I Asked for Help

It Felt so Gross

Photo Credit

Years ago, while my husband and I were hiking with several other couples, we came to a patch where the snowmelt crossed the trail, leaving a wide swath of mud. As the couples approached, I watched each husband leap over first, then reach for his wife’s hand as she followed. Some needed the help, some didn’t. But ability wasn’t the point. The point was the offer. It said, “I’m here if you need me.”

Pretty normal, right? We like to keep ankles unbroken and butts mud-free. But me, I didn’t even look for my husband. I knew he was well ahead of me. I knew he’d leapt that puddle without looking back.

It wasn’t until I watched this particular norm unfold on the trail that I realized: my husband and I aren’t normal. Of course not. My husband and I are both middle children. Which means that I understand his independence as well as he understands mine. I don’t ask for permission. I don’t wait for a helping hand. I don’t want help. I accomplish things. All. By. My. Self.

Except, I know I don’t. I’m a decently evolved human being. I understand that were it not for hundreds, thousands, millions of other people who’ve gone before me, I wouldn’t have accomplished even a hundredth, thousandth, millionth of what I’ve done.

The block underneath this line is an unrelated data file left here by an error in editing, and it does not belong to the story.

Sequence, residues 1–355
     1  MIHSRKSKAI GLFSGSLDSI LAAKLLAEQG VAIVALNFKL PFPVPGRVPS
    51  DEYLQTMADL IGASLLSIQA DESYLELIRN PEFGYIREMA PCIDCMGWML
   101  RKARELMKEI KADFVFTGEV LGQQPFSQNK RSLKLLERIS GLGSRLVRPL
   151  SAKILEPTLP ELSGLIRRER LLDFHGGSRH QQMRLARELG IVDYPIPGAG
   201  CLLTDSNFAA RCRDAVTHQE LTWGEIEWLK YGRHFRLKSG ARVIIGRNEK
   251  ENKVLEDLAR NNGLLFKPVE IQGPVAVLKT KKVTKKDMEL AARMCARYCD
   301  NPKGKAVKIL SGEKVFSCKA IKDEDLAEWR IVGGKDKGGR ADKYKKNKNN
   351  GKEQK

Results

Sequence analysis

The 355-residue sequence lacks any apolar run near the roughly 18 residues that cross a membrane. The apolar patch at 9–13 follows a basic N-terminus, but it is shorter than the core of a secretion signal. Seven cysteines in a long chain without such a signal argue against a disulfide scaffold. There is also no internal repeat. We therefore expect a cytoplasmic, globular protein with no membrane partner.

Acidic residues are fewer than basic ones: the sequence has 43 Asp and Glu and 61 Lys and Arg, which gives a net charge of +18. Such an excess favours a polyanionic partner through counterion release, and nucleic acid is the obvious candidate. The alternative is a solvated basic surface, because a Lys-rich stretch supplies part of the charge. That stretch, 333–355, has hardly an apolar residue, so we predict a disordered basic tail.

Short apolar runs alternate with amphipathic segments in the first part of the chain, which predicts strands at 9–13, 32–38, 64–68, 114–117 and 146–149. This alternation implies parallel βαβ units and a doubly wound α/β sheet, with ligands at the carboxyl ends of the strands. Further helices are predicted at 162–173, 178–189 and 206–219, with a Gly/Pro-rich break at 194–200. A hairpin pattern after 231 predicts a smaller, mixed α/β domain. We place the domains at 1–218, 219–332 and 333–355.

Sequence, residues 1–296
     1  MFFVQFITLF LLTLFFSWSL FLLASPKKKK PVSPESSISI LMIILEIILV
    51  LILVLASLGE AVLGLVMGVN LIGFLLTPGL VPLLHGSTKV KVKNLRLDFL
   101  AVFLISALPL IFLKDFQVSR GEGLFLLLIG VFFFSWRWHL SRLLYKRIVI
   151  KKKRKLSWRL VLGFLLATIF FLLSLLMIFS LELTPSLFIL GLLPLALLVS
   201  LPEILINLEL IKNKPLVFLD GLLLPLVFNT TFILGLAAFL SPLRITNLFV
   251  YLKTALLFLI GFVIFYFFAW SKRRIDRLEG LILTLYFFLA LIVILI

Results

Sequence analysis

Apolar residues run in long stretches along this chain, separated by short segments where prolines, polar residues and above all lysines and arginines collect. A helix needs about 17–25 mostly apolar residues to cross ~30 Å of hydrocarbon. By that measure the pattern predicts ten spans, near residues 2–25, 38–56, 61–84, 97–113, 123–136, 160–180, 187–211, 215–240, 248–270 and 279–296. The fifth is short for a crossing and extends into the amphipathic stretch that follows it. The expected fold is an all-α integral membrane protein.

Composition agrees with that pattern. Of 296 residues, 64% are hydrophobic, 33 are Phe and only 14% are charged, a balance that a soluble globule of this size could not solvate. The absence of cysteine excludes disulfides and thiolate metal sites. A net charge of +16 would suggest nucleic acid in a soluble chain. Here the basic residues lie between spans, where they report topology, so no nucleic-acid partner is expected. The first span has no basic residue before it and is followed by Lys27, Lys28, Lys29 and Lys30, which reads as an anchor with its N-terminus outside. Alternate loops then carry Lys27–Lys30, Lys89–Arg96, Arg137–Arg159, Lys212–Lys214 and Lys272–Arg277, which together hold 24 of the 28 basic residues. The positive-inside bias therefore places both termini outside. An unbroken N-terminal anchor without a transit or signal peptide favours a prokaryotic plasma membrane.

I have help. I need help. I must ask for help.

I hate it, anyway.

But here’s the stick: I have writing goals that I can’t accomplish on my own. I need people. I need readers and cheerleaders and critics. Right now, I have hundreds. I need thousands.

So I wrote those hundreds of people and asked for help. Now I sit. In a pool of my own sweat gnawing my fingernails gone while the voice in my head mocks me.

Ehw! I can’t believe you think you’re that special.

I holler back.

I didn’t say I was special. I didn’t even say I was normal. I just said I needed help. I said IF they feel like helping, here’s how.

Then I get extra clever.

That’s not gross. You’re gross.

Then I wonder if I’ve grown up at all.

But, I must have, right? I asked for help. That counts for something. Doesn’t it?


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Gretchen Anthony is a Minnesota-based writer and essayist. More at GretchenAnthony.com.

Every heart matters.